Native History: Indians Defeat Army to Protect Bozeman Trail
This Date in Native History: On December 21, 1866, the U.S. Army suffered its third largest defeat during the Indian Wars. Only the battle with George Armstrong Custer at Little Bighorn and the 1791 battle between Chief Little Turtle, Miami Tribe, and General St. Clair—where 600 Army men died—were larger. All 81 cavalrymen and infantrymen died in an intense fight that lasted just 40 minutes.
The history leading up to this fight started three years earlier, in the spring of 1863. The Bozeman Trail was constructed, leading north from Fort Laramie on the old Oregon Trail into the gold fields of Montana. This brought the trail and its hoard of immigrants right through what had once been the homeland of the Crow, later the Shoshone, and then the Teton Sioux. This is the Powder River country of what is now Wyoming. It was open land but good land as game was abundant and fruits and berries grew along the waterways.
Some chiefs were determined to close the Bozeman Trail. Indian attacks became more common and travel was risky. Then U.S. soldiers were brought in to guard the trail. Perhaps what really ended negotiations was the plan to build Fort Kearny with orders to guard the Bozeman Trail.
Two Sioux Indian leaders, highly regarded and remembered today, vowed to fight any white man using the Bozeman Trail—Red Cloud and Crazy Horse. The first raid on the fort occurred on July 16 resulting in two deaths. Attacks on wagon trains happened frequently, but work continued on the fort. Two more of the military died on December 6 and gave the Sioux the belief they could overpower any assignment from the fort.
Indian warriors were becoming increasingly confident in part due to a medicine man who had four visions of increasing numbers of dead soldiers. The fourth vision showed that 100 soldiers would die.
December 21, 1866: A wagon train was sent out from the fort to return with wood. Less than an hour later they were attacked by a decoy party of Indians. The regimental commander, Colonel Carrington, had warned his troops not to be fooled by a trap, something he had seen employed by the Indians before. The relief force to help the wood train was led by Captain Fetterman who had little respect for the Indians and had commented earlier that a company of regular soldiers could whip a thousand Indians, a big mistake as he was about to find out.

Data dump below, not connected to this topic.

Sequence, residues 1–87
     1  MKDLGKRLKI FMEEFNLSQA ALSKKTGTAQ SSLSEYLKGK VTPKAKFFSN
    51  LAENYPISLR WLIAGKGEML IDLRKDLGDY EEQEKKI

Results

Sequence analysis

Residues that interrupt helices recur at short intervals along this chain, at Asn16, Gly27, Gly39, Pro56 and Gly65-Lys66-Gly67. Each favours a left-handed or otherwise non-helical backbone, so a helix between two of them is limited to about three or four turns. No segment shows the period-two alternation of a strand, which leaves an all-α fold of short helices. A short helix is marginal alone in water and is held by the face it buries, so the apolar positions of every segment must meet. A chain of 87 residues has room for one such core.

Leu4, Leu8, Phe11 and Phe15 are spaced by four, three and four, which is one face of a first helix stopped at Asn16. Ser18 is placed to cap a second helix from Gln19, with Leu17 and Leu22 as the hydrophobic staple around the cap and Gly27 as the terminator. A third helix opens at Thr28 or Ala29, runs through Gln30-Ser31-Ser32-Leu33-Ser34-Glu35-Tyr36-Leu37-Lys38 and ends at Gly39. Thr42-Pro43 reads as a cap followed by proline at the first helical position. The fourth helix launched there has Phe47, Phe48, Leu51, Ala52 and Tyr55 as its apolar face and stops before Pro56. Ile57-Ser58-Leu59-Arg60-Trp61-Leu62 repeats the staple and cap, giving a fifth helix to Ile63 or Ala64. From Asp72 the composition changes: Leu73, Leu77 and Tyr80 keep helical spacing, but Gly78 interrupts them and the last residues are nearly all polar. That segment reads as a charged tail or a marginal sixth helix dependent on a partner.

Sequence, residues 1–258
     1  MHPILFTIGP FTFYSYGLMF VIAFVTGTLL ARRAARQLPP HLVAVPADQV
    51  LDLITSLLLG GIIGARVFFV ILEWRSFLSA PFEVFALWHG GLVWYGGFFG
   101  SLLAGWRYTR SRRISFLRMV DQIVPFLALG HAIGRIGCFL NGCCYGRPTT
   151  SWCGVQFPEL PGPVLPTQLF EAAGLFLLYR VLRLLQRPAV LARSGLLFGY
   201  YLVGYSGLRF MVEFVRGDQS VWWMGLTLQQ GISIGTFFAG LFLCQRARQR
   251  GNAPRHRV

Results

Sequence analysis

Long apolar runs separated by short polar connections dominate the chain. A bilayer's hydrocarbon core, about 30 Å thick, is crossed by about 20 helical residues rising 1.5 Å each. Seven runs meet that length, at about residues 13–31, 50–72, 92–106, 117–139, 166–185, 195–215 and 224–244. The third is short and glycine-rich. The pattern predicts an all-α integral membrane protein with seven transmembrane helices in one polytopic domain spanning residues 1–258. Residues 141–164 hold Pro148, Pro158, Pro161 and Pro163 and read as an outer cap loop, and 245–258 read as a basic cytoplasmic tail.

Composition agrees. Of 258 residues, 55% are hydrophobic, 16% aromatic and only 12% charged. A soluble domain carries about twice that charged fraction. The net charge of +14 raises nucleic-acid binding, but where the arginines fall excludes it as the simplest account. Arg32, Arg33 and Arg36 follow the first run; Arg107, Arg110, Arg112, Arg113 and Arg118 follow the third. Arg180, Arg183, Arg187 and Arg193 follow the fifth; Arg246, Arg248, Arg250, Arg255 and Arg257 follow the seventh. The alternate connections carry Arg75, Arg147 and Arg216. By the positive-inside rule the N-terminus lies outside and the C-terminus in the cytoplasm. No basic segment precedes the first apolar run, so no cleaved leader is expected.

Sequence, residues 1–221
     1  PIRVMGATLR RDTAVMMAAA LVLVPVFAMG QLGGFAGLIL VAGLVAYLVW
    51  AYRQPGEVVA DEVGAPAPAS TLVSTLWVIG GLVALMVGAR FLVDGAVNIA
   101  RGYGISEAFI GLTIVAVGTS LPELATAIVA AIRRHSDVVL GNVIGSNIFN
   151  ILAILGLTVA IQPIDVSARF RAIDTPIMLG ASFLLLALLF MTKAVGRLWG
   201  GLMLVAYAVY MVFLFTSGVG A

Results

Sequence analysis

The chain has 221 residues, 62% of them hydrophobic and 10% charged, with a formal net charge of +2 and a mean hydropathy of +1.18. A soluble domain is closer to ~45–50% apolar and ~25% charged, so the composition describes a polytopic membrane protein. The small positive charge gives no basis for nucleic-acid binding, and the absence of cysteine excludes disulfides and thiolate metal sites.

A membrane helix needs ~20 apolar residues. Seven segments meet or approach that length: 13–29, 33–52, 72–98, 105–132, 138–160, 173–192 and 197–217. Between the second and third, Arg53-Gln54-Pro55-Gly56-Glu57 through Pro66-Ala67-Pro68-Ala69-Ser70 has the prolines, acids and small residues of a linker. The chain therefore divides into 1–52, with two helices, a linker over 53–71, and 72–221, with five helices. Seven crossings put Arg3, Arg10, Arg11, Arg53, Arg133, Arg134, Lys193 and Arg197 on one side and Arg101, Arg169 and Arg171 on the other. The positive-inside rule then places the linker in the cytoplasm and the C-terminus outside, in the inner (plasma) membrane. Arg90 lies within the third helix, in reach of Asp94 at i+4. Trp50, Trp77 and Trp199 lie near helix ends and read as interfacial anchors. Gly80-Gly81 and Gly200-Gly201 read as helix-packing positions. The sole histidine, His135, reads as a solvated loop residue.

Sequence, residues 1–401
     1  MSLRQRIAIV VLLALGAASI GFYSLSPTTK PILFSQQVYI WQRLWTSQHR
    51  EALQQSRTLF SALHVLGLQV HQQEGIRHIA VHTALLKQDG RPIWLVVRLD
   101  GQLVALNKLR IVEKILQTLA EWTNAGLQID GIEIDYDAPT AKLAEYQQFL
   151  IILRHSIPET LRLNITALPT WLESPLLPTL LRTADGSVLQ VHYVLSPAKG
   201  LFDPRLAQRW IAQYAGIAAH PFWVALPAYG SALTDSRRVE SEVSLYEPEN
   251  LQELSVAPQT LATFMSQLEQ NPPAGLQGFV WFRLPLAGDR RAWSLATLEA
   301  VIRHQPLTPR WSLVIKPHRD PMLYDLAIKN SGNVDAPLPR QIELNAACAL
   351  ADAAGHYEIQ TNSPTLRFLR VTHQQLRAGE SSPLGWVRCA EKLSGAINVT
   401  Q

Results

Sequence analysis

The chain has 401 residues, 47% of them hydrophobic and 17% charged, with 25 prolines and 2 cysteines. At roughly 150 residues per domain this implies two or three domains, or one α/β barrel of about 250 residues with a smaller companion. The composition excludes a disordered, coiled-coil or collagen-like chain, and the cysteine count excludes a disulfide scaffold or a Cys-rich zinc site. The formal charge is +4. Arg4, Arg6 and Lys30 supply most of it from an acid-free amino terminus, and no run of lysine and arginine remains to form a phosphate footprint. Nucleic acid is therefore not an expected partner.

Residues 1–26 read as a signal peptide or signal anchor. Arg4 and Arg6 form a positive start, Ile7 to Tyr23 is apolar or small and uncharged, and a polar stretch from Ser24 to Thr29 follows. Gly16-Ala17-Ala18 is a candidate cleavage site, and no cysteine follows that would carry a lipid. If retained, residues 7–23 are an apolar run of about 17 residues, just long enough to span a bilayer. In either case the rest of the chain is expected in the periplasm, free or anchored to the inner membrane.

Fetterman wanted a fight, and the Indians were ready. There might have been as many as 2,000, mostly Sioux with some Cheyennes and Arapahos, waiting out of sight on the backside of Lodge Trail Ridge. Red Cloud is thought to have been in that huge group of warriors. A second decoy party approached the fort and drew artillery fire. Crazy Horse was part of that party. The man responsible for the plan was High-Back-Bone, a Minneconjou Sioux.
The initial decoy party retreated up Lodge Trail Ridge where decoys were standing, yelling and gesturing at the soldiers. When the soldiers reached the top of the ridge they likely only saw a few Indians near Peno Creek in the valley below. It was now about noon. As the troops approached the valley, the huge force of Indians stood in the high grass and firing commenced. Most of the Indians were shooting arrows, but that was more than enough. Just 40 minutes later all the military troops were dead, including Fetterman who had once said that a regiment could whip the whole array of hostile tribes.
As many as 40,000 arrows were released in that 40-minute span—it was an overwhelming victory, second only to Little Bighorn, but 60 Indian warriors also died.
Attacks along the Bozeman Trail continued and only heavily armed military trains were able to pass along the trail. In 1868 the three forts guarding the Bozeman Trail, including Fort Kearny, were abandoned and Indians burned them to the ground. On November 6 of that year Red Cloud signed a peace treaty, thus ending the Bozeman Trail War, part of which was the Fetterman Massacre but called by the Sioux as the Battle of the Hundred Slain.
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